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      03.03.2007 02:32
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      Its well worth a go in growing it

      Back again with another Herb review. This time it’s about the Liquorice plant, a very pretty looking plant when in bloom. Not really used in cooking here in England but the plant is used in a lot of Asian cooking.

      Liquorice – (Glycyrrhiza glaba) is also known as Sweetwood, Licorice, and Sweet Licorice

      ***The Plant***

      This plant is native to the Mediterranean and is thought to be grown commercially in Russia, Spain and India on a huge scale. The liquorice plant has been used for over 3000 years and was recorded on Egyptian papyri and Assyrian tablets.

      The Latin name Glycyrrhiza comes from “glykys” meaning sweet root. It was introduced to England in the 16th century by Dominican monks and became an important crop.

      Liquorice extract is produced by boiling the liquorice root and letting the water evaporate, and left is syrup. Be warned the sweetener in liquorice is more then "50 TIMES" as sweet as sucrose, hence why their side effects are pretty strong, liquorice extract can lead to serious kidney problems and Hypokalemia (a potentially fatal condition in which the body fails to retain sufficient potassium to maintain health)

      Most famous in England is probably the Liquorice allsorts and in herbal tea, it’s also used in the medicinal world to hide unpleasant flavours. The castle in Pontefract was famous for the growing of liquorice to produce Pontefract cakes, but I find it sad that even today the liquorice used in Pontefract cakes is imported from abroad.

      ***Species***

      A hardy perennial that can grow up to 6 foot in height and spreads 3 foot, with pea like purple and white flowers, with green oval liked shaped leaves.

      ***Cultivation***

      Seeding is pretty hard in out cooler climate and the best way to grow is to use the root division method.

      Divide the plant when it’s in its dormant stage, and make sure the root has at least 1 or more buds. Place into pots half full with compost and place the divided plant in, and then fill the rest of the pot up with the compost. Water well and leave somewhere warm until the first shoot come through, harden of then plant outside in early spring.

      If you are going to do an autumn divide place in a cold frame or greenhouse to over winter the plant. You can divide the plant in spring and in the autumn, in the plants first winter it may need protecting if we have a very cold winter.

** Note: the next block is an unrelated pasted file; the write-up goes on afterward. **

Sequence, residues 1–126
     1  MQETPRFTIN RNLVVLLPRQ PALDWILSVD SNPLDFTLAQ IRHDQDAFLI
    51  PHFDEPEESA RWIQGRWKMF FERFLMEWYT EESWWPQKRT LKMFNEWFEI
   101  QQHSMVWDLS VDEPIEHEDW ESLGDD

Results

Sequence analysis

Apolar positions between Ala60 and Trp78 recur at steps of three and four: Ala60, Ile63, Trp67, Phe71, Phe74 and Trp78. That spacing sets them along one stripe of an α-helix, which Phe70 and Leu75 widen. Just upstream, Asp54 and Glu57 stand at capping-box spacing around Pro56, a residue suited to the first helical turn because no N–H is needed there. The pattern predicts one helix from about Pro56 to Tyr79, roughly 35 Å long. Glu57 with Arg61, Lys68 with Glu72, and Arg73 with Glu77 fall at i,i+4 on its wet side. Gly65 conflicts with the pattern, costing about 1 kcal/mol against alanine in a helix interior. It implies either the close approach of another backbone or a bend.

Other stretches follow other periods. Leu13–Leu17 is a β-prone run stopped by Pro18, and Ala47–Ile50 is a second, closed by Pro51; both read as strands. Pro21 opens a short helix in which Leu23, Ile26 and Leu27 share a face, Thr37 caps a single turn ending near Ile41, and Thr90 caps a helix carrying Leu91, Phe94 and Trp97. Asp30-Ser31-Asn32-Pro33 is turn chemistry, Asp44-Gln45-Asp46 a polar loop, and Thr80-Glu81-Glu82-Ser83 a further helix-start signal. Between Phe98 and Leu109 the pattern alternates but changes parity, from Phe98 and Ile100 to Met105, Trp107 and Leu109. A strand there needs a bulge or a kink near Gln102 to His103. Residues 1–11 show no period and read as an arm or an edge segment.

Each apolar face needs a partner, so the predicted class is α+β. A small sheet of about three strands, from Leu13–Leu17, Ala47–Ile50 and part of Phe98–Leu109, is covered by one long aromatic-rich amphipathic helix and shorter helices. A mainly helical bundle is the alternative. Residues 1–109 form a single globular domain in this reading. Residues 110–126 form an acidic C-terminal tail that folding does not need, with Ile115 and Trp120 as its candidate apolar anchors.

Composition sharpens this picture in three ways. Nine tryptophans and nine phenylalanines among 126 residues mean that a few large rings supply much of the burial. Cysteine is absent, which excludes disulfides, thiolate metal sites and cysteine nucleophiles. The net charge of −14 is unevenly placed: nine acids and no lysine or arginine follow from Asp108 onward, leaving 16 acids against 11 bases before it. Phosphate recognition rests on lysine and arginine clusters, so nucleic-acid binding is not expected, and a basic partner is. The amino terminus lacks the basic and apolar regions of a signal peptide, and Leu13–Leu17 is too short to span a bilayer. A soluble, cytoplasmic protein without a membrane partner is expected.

Liquorice needs a well cultivated soil, and needs to be rich and deep. You can plant pieces of the root, each with a bud on the root, directly into the soil about 6 inches deep and 3 foot apart. Liquorice grows best in hot summers so plant where it will receive as much sun as it can, the roots can be harvested for use from plants that are 3+ years old.

      Liquorice can be grown in containers, but with the plant growing 6ft and spreads 3 foot its better to be planted in the garden.

      ***Pests***

      Largely pest free

      ***Medicinal***

      Chewing on the root of the liquorice helps to get rid of bad breath; the juice from the root is used to mask unpleasant tastes and provides a soothing remedy for coughs. The dries root when stripped of its bark, is recommended for as a remedy for colds, sore throats and catarrh.

      Liquorice is also used as a laxative and helps to relieve heartburn, it’s also very good for stomach ulcers and helps increase the flow of bile and lowers cholesterol levels.

      ***Culinary***

      Liquorice is used as flavouring in the making of Guinness and other beers, and of course Pontefract cakes (now uses imported liquorice).

      In Chinese cooking liquorice is used as a spice for savoury foods, and is used in broths.

      ***WARNING***

      Large doses of liquorice can cause headaches, High blood pressure and water retention.

      As with all herbal medicine do your researches before you use it

      Thanks for reading my reviews, and thankyou for rating them.

      Tashi Delek (May everything be well)

      enlightened_one © 2007

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